As Dereck Whittenburg observed, the rewards for winning the national college basketball championship keep getting better and better. And yesterday's reward--a meeting with President Reagan at the White House--is the best yet.

Whittenburg and Sidney Lowe, two-thirds of North Carolina State's D.C. Three, joined Coach Jim Valvano in meeting the president at noon. Thurl Bailey missed the greeting because of final exams, but drove to Washington in time to join the others for a luncheon honoring them at the Touchdown Club.

Originally, the entire team was to visit the White House a month ago, shortly after N.C. State beat Houston on April 4 in Albuquerque to win the NCAA title. But the NCAA found problems with the funding of such a trip and would not sanction the visit.

At that time Valvano alone visited the White House, representing the team.

But now, with classes ending, the players drove home and started summer vacation with a limousine-escorted trip to the White House.

"He was with the new soccer team, Team America, when we got there," said Lowe. "So we toured the White House, saw the Oval Office and the library. Then when we saw him, I mean actually met the president, I got a little nervous. You know, he's pretty tall; it seemed like about 6 foot 2. He's pretty athletic looking. We discussed the championship game."

Lowe and Whittenburg were accompanied by Morgan Wootten, their coach at De Matha High School. Wootten gave a copy of a book he wrote to President Reagan, prompting Whittenburg to remark, "In all the time I've known him, he's never given me a copy."

Whittenburg, who met Pope John Paul II at the Vatican several years ago, said, "The president was real nice. I mean, you figure, the president. He doesn't have time for this. But he was on our level. He didn't act like he was busy or anything. He was really nice. It was great."

On the eve of the championship game, it was Bailey, a well-spoken forward from Bladensburg High School, who wished so hard that the District of Columbia would in some way recognize the three if N.C. State went on to win the national championship.

"I never really imagined," Bailey said, "that we'd be in this type of position--to be honored by the people of Washington. But then, you realize you're growing up, getting older. Things happen that you never expected as a child.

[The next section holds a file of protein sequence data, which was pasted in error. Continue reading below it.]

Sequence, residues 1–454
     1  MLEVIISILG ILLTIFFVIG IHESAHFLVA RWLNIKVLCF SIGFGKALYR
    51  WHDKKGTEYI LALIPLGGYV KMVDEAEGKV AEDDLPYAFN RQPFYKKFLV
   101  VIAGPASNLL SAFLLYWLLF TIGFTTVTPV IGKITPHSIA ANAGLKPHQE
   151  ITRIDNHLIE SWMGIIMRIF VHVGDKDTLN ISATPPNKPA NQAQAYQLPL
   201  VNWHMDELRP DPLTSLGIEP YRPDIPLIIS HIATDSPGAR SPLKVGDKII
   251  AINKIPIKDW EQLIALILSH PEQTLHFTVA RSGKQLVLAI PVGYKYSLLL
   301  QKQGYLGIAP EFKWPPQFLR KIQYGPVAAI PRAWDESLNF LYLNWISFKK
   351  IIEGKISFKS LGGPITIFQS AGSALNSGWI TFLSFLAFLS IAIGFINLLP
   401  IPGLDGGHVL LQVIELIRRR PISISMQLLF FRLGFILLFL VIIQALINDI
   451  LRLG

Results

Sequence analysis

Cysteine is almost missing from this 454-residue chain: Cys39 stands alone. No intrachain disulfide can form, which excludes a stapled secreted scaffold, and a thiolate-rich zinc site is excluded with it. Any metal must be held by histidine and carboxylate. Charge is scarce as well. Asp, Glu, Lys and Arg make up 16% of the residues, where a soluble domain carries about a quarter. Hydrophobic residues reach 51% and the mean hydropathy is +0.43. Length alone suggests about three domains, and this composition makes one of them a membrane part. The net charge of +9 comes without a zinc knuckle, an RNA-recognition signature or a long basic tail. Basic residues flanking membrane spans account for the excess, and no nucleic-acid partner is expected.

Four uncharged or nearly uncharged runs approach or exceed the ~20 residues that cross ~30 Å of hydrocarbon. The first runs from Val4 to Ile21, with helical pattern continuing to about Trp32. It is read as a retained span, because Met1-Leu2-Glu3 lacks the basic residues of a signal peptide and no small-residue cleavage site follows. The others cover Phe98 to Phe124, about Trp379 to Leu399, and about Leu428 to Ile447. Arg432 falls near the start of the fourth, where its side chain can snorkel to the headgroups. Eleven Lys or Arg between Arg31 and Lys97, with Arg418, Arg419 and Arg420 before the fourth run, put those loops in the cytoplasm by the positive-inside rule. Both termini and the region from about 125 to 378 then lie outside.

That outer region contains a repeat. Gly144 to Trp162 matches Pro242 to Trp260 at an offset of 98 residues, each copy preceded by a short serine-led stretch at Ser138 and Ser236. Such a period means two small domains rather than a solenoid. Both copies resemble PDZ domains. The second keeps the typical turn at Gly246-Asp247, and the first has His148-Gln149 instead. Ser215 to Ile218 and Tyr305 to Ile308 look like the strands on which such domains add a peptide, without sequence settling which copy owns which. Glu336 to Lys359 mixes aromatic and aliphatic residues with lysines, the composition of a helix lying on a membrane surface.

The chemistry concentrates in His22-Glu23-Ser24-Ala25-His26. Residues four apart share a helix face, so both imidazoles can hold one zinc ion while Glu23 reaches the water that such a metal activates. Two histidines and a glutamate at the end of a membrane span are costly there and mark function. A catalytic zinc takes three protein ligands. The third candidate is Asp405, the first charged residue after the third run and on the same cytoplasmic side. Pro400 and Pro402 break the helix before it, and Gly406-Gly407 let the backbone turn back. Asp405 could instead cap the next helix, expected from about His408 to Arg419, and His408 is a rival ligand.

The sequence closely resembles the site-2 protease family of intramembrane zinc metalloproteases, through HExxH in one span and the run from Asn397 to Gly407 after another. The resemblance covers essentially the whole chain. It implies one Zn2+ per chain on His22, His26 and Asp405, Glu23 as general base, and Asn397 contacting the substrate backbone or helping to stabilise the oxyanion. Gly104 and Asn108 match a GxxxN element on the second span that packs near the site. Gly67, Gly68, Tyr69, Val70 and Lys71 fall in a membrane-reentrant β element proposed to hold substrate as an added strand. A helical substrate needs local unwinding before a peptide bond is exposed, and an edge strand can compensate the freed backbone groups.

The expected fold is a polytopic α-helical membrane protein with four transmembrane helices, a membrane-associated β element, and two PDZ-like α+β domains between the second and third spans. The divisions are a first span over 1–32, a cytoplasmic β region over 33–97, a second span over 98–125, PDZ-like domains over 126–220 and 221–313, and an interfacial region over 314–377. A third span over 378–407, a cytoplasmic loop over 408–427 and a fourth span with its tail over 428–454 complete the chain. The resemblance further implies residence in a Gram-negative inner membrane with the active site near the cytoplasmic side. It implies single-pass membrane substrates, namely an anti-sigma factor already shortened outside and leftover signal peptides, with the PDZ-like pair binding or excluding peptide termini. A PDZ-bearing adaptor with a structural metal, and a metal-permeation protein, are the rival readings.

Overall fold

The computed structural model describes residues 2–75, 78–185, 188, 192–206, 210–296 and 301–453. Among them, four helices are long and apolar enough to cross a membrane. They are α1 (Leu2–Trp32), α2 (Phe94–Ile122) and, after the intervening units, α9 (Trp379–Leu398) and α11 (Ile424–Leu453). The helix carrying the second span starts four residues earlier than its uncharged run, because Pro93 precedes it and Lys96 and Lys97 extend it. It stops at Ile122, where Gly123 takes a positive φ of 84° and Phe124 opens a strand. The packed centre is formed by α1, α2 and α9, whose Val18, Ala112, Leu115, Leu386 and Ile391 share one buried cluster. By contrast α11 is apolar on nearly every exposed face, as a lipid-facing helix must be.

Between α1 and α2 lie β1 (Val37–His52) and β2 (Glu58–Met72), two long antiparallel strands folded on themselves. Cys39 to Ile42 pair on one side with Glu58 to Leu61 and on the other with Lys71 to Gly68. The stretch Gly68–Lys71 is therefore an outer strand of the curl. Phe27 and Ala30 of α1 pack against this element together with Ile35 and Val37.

"It feels so great to be home."

At the luncheon, Valvano said, "These three people won the national championship. I just went along for the journey."

And after calling Washington his favorite city in the world "other than Albuquerque," Valvano turned philosophical.

"In Raleigh, we've been getting 500 letters a day," he said. "We've got four full-time secretaries who handle the mail. And the overwhelming message we're getting from people is that what we did (winning despite overwhelming odds) restored the ability to hope and the ability to dream."

Valvano told of one letter from an unemployed air traffic controller who had been contemplating suicide, then started following N.C. State through a sometimes unbelieveable string of come-from-behind victories en route to the national championship. The man said in his letter that he learned, again, how to hope and dream . . .

"This is heavy stuff," said Valvano. "Not just 'this is only a game' but heavy stuff. It has forced me to reevaluate the role of sports in American society. These kids have touched this country, and I didn't realize that.

"It's like Oliver Wendell Holmes said--did Holmes say it? Well, if he didn't he should have.

"Holmes said that democracy is like sex. When it's good, it's great. And when it's bad, it's still good.

"Well, that's the way I felt about college basketball this past year. When it was good, it was great. And when it was bad, it was still good."